Amid worsening health woes in Malawi’s public hospitals, patients in the country’s hospitals continue to bear the brunt of it—the latest being scaling down of meals in public hospitals from three a day to one.
Hospitals affected include Bwaila District Hospital in Lilongwe, where admitted patients have been told that they will be having one meal a day— from the normal three meals.
Nation on Sunday crew saw several memos from management pasted at wards, informing patients and guardians of the change. The hospital’s chief medical officer Dr. Ethel Lambikani confirmed the development.
“I cannot comment much because we are trying to resolve the situation, the Ministry of Mealth was consulted and informed before a decision was made,” said Lambikani.
The majority of patients at this hospital are those referred from rural health facilities.
Lambikani could not immediately be drawn to comment on the extent of the funding woes that have hit the hospital. He referred further questions on the matter to the Ministry of Health.
However, Minister of Health Jean Kalilani on Saturday said she was not aware of the development in an interview.
“I am hearing it from you. I have no knowledge of that decision. I cannot comment on something I don’t have information on,” said Kalilani.
Ministry of Health spokesperson Adrian Chikumbe, in an e-mail response, attributed the reduction of meals for patients in some hospitals to funding woes, saying Treasury is failing to support the health budget.
He, however, could not give a list of the affected hospitals.
“It is worth observing that when we submit our budgets to Treasury, it is based on need, but these budgets get trimmed based on projections of earnings. However, what is allocated is not necessarily what is given in a month. This puts strain on centres to prioritise on spending,” said Chikumbe.
He, however, said the situation is expected to improve once the funding has improved, insisting that it is not the ministry’s policy to scale down on meal rationing in public hospitals.
“While our investigations confirm that some are doing it probably because of the low levels of funding they are getting, several others have found other ways of averting the scaling down,” said Chikumbe.
True to Chikumbe’s assertion, a highly placed source at Thyolo District Hospital said he is aware that some neighbouring district hospitals have scaled down on provision of meals to patients, but it is not the case at Thyolo.
He said Thyolo District Hospital management has devised measures to ensure that patients are fed accordingly.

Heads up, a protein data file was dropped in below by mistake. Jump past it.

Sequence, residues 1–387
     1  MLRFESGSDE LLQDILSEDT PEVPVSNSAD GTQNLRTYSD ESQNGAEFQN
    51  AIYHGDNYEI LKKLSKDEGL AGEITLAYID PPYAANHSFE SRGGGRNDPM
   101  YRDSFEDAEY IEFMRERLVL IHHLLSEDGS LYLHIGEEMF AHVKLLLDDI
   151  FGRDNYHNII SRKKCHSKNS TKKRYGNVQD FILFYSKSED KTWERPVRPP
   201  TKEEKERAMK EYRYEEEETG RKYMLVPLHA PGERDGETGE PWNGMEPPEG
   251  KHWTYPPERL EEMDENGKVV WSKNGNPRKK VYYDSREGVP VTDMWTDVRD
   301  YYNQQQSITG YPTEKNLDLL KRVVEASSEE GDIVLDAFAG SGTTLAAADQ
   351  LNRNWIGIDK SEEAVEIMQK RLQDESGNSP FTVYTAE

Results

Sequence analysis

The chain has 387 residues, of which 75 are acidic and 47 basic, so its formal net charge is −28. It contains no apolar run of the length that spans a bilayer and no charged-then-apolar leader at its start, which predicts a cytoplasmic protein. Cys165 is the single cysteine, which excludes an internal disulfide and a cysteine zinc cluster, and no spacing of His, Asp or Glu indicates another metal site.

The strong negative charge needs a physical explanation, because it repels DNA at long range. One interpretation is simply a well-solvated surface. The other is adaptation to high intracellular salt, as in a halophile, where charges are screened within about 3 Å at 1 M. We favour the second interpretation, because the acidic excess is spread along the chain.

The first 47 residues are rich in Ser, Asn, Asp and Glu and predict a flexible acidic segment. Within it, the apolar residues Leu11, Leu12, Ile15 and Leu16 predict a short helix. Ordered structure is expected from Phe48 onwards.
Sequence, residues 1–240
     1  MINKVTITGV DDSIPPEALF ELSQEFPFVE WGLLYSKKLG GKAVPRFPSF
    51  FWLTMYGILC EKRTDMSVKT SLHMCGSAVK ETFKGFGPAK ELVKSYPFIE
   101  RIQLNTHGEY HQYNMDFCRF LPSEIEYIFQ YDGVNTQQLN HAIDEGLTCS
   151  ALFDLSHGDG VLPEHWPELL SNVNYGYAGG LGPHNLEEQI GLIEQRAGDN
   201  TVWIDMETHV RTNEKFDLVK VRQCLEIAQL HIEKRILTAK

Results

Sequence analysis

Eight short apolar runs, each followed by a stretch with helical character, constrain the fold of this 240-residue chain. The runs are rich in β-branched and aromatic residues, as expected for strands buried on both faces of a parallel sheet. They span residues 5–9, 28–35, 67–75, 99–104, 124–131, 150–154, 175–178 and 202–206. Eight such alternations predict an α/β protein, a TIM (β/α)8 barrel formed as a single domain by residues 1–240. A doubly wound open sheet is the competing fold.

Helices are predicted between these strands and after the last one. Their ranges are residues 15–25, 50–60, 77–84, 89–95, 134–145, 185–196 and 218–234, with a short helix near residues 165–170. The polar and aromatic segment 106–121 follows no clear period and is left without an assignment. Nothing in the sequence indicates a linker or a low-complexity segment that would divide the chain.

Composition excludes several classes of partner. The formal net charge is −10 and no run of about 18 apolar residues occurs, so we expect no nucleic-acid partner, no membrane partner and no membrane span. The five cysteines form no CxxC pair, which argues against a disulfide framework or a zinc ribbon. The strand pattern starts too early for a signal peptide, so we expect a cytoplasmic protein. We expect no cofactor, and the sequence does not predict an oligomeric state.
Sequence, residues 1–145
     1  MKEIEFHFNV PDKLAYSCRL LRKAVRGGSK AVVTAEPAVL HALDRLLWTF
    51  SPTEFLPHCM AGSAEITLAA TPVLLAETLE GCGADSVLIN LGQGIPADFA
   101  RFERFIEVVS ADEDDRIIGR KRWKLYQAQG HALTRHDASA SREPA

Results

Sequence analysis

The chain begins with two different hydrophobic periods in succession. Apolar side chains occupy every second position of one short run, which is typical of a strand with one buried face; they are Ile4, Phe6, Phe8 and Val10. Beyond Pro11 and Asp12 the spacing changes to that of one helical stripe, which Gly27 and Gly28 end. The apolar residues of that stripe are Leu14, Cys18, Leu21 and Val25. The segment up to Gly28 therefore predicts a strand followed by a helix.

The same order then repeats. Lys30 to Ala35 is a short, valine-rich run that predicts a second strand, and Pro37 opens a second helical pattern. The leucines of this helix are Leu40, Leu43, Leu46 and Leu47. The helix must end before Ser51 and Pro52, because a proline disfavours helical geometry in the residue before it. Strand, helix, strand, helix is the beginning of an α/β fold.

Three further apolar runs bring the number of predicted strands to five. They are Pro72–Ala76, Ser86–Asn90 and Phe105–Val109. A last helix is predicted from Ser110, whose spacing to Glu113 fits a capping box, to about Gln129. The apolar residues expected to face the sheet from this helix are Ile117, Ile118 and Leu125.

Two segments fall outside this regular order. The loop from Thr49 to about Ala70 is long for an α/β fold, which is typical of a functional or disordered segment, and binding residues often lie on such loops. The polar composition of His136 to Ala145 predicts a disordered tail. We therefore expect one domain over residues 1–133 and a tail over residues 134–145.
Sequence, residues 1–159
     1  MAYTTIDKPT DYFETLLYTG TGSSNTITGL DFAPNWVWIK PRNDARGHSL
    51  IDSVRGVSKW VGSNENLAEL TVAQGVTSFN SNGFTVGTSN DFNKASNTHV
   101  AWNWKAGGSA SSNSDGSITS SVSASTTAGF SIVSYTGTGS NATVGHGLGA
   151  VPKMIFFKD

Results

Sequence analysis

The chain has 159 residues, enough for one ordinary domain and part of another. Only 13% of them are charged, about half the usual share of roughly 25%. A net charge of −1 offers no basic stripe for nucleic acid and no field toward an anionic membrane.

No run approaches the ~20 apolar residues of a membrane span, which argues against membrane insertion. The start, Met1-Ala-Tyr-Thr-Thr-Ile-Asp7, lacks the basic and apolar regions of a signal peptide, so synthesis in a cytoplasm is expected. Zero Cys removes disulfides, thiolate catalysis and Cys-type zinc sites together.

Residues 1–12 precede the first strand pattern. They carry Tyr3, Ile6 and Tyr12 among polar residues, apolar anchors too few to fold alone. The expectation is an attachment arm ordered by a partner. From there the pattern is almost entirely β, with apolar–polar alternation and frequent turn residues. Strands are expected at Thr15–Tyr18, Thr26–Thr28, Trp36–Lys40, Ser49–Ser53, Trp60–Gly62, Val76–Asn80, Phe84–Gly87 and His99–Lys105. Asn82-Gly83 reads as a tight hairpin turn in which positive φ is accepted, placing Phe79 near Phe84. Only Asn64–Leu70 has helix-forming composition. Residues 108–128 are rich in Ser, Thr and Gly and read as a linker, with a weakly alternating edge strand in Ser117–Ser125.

“We prioritise the budget for the kitchen so much that all is well and we do not owe any supplier money,” said the source.
National Organisation for Nurses and Midwives of Malawi (Nonm) chairperson Dorothy Ngoma has described the development as a “worrying example of government irresponsibility”.
“We are worried as nurses, the right for health is a basic human right and is guaranteed by our Constitution, but we continue to experience wanton disregard for the right to health by government. Instead of funding the poor’s access to health, what is government doing with our taxes?” Ngoma asked.
She said failure to feed patients can have devastating effects on both patients and the country’s health sector.
“It means their bodies will take longer to heal as they cannot get proper food and in the meantime, the longer they stay in the hospitals, the bigger the crisis in our hospitals as the number of patients will only increase,” she said.
Malawi Equity Health Network (Mhen) executive director Martha Kwataine described the development as a signal of a huge crisis.
“This is a very big crisis. You cannot take medication on an empty stomach. It’s the same hospitals which tell people to eat first before taking drugs.
“As a referral hospital, Bwaila admit very poor people from outside the city, and the sick people cannot work on their own to get food. At stake is not just the right for health, but also the right to life, these people can die,” said Kwataine.
Government is struggling to implement the so-called zero-aid budget after the majority of its traditional donors suspended direct budget aid over rampant corruption and as result severe cuts are being meted out to crucial social services, including hospitals.
Several hospitals are in a crisis, failing to buy ambulances fuel, unable to procure enough essential drugs, among other shortfalls that have exposed the extent of the crisis despite government protestations.
The Minister of Health recently addressed a press briefing to dispel fears of a crisis, but continued incidents such as the scaling down of meals will do little to instil public confidence.